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476. The rainbow. There is formed in nature a very beautiful spectrum with which everyone is familiar the rainbow.
Let a spherical bulb F (Fig. 445) 1 or 2 inches in diameter be filled with water and held in the path of a beam of sunlight which enters the room through a hole in a piece of cardboard AB. A miniature rainbow will be formed on the screen around the opening, the violet edge of the bow being toward the center of the circle and the red outside. A beam of light which enters the flask at C is there both refracted and dispersed; at D it is totally reflected; and at E it is again refracted and dispersed on passing out into the air. Since in both of the refractions the violet is bent more than the red, it is obvious that it must return nearer to the direction of the incident beam than the red rays. If the flask were a perfect sphere, the angle included between the incident ray OC and the emergent red ray ER would be 42°; and the angle between the incident ray and the emergent violet ray EV would be 40°.
FIG. 445. Artificial rainbow
The actual rainbow seen in the heavens is due to the refraction and reflection of light in the drops of water in the air which act exactly as did the flask in the preceding experiment. If the observer is standing at E with his back to the sun, the light which comes from the drops so as to make an angle of 42° (Fig. 446) with the line drawn from the observer to the sun must be red light; while the light which comes from drops which are at an angle of 40° from the eye must be violet light. In direct sunshine the prismatic color seen in a dewdrop changes to another color when the head is shifted sidewise. It is clear that those drops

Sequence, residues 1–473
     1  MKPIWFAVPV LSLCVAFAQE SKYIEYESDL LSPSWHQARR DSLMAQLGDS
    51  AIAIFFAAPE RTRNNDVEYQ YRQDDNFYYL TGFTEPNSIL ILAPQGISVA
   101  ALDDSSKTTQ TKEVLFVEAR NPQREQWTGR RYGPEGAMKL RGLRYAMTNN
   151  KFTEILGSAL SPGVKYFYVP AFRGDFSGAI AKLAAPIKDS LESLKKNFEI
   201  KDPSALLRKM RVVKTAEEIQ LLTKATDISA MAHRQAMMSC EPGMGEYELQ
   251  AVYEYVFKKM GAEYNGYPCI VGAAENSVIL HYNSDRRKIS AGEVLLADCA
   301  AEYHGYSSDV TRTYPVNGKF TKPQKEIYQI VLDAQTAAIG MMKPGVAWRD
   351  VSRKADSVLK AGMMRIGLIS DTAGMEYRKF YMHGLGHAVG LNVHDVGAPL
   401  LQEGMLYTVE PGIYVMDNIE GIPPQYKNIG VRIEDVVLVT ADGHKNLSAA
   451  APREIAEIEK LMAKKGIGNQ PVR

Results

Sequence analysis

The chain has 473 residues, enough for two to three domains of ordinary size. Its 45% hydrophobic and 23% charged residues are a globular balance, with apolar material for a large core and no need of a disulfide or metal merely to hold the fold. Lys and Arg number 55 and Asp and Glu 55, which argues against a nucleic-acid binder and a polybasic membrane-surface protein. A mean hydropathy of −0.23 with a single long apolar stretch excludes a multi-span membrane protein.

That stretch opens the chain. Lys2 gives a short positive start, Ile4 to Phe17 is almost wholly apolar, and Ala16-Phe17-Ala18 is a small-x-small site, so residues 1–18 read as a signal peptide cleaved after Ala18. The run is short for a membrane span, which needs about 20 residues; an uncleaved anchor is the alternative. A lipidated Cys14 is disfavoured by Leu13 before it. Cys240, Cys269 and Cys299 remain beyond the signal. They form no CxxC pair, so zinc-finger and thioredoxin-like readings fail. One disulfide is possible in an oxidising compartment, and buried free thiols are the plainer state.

whose direction from the eye makes any particular angle with the line drawn from the eye to the sun must lie on a circle whose center is on that line. Hence we see a circular arc of light which is violet on the inner edge and red on the outer edge. A second bow having the FIG. 446. Primary and secondary rainbows red on the inside and the violet on the outside is often seen outside of the one just described, and concentric with it. This bow arises from rays which have suffered two internal reflections and two refractions, in the manner shown in Fig. 446.
477. Continuous spectra. Let a Bunsen burner arranged to produce a white flame be placed behind a slit s (Fig. 447). Let the slit be viewed through a prism P. The spectrum will be a continuous band of color. If now the air is admitted at the base of the burner, and if a clean platinum wire is held in the flame directly in front of the slit, the whitehot platinum will also give a continuous spectrum.*
All incandescent solids and liquids are found to
give spectra of this type FIG. 447. Arrangement for viewing spectra
which contain all the
wave lengths from the extreme red to the extreme violet. The continuous spectrum of a luminous gas flame is due to
*By far the most satisfactory way of performing these experiments with spectra is to provide the class with cheap plate-glass prisms, like those used in Experiment 50 of the authors' Manual, rather than to attempt to project line spectra.
the incandescence of solid particles of carbon suspended in the flame. The presence of these solid particles is proved by the fact that soot is deposited on bodies held in a white flame.
478. Bright-line spectra. Let a bit of asbestos or a platinum wire be dipped into a solution of common salt (sodium chloride) and held in the flame, care being taken that the wire itself is held so low that the spectrum due to it cannot be seen. The continuous spectrum of the preceding paragraph will be replaced by a clearly defined yellow image of the slit which occupies the position of the yellow portion of the spectrum. This shows that the light from the sodium flame is not a compound of a number of wave lengths, but is rather of just the wave length which corresponds to this particular shade of yellow. The light is now coming from the incandescent so um vapor and not from an incandescent solid, as in the preceding experiments.
Let another platinum wire be dipped in a solution of lithium chloride and held in the flame. Two distinct images of the slit, s' and s" (Fig. 447), will be seen, one in red and one in yellow. Let calcium chloride be introduced into the flame. One distinct image of the slit will be seen in the green and another in the red. Strontium chloride will give a blue and a red image, etc. (The yellow sodium image will probably be present in each case, because sodium is present as an impurity in nearly all salts.)